Overshadowed by his more flashy rookie teammate Pat LaFontaine (who had the more impressive brief regular season tune-up after the duo joined the Islanders off Team Canada and Team USA respectively), the tenacious, hard-working Flatley helped power the weary, battered team's drive for a fifth successive Stanley Cup. The checking winger, (a first round pick in 1982), scored nine goals and 15 points as the Isles reached the Stanley Cup Final, where they ultimately fell to Wayne Gretzky's Oilers in five games. LaFontaine would go on to reach the Hockey Hall of Fame, but Flatley enjoyed a very solid 14-year career in the NHL.
The Hall of Famer began his career in legendary style. After spending nearly the entire 1970-71 season in the AHL, Dryden saw action in six regular season games for the Canadiens, winning all six with a stingy 1.65 goals-against average. In a shocking move, the team tabbed him as its playoff starter instead of veteran incumbent Rogie Vachon, and Dryden played spectacularly while eliminating Bobby Orr's defending Stanley Cup champion Bruins in the first round, four games to three. When the Habs went on to win the Cup, Dryden (12-8, 3.00 GAA) was awarded the Conn Smythe Trophy. The following season, he won the Calder Trophy as rookie of the year.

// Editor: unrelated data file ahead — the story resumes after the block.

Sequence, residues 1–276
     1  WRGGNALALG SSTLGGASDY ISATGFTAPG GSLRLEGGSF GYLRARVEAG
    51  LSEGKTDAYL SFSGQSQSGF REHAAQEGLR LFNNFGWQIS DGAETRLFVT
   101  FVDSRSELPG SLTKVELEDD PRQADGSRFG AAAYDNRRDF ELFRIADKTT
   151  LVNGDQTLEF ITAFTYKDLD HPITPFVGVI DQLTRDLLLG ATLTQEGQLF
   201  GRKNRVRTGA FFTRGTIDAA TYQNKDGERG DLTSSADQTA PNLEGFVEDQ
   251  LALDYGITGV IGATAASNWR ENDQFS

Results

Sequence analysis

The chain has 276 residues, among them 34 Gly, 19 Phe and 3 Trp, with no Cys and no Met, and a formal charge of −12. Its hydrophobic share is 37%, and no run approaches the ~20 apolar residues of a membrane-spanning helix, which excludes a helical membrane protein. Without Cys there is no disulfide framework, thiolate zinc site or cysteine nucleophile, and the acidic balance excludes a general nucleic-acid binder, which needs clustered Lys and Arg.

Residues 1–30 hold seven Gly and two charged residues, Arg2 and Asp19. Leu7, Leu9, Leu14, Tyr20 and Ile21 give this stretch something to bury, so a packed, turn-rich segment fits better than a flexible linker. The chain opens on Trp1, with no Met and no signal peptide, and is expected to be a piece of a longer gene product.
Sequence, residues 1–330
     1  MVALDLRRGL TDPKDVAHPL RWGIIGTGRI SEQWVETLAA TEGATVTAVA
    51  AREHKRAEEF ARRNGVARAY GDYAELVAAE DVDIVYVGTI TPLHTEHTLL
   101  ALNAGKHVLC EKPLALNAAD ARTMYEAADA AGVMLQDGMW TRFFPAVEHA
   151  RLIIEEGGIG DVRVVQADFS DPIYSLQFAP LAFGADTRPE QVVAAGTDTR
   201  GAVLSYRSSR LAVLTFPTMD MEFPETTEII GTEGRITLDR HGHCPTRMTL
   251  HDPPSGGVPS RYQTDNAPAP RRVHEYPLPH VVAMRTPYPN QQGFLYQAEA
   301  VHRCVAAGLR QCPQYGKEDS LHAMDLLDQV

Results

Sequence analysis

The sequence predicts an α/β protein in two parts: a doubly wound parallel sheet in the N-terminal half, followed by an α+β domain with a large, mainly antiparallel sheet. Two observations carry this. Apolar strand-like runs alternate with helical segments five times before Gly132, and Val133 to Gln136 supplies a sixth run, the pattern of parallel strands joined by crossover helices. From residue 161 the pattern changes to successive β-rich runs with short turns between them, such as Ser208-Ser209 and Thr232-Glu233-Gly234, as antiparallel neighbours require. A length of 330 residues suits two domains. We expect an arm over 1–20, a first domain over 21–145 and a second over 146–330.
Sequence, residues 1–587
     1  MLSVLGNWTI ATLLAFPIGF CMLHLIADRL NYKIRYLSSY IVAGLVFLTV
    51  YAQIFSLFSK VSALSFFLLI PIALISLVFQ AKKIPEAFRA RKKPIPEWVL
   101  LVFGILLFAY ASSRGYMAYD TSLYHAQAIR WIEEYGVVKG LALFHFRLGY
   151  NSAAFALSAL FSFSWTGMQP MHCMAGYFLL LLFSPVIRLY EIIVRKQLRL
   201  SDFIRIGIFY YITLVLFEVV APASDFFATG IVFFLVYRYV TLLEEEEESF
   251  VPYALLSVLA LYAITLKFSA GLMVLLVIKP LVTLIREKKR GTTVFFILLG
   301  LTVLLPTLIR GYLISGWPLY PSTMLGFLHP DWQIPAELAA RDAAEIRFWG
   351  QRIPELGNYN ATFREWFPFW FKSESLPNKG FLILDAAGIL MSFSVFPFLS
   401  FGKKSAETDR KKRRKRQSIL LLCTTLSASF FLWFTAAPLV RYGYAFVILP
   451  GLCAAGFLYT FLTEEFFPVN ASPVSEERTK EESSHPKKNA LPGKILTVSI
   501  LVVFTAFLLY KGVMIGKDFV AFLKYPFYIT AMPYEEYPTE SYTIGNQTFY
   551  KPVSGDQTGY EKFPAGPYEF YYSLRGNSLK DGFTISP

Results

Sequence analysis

The Hall of Famer winger was a scoring star in the OHA, but his debut with the Rangers was delayed by a broken bone in his back, suffered on the last day of the 1959-60 regular season. He was later twice an emergency call-up to New York for one game in each of the next two seasons, and didn't get a serious chance to prove himself in the NHL until he was summoned for the Rangers' semifinal playoff series vs. Toronto. Gilbert made an instant splash by scoring five points in four games (the Rangers fell in six), presaging his making the team for good out of training camp the next season and scoring 31 points in 70 games as a rookie.
Fresh out of the IHL, two-way winger Modere "Mud" Bruneteau skated in 24 regular-season games for the Wings, scoring a mere two goals, and then earned himself a place in hockey legend in the playoffs. In Game One of Detroit's semi-final series against the Montreal Maroons, Bruneteau ended the longest playoff match in NHL history by scoring at 16:30 of the sixth overtime period. The Wings went on to win the Stanley Cup and Bruneteau's famous tally launched his solid, productive NHL career that lasted 11 seasons and included another Cup in 1943.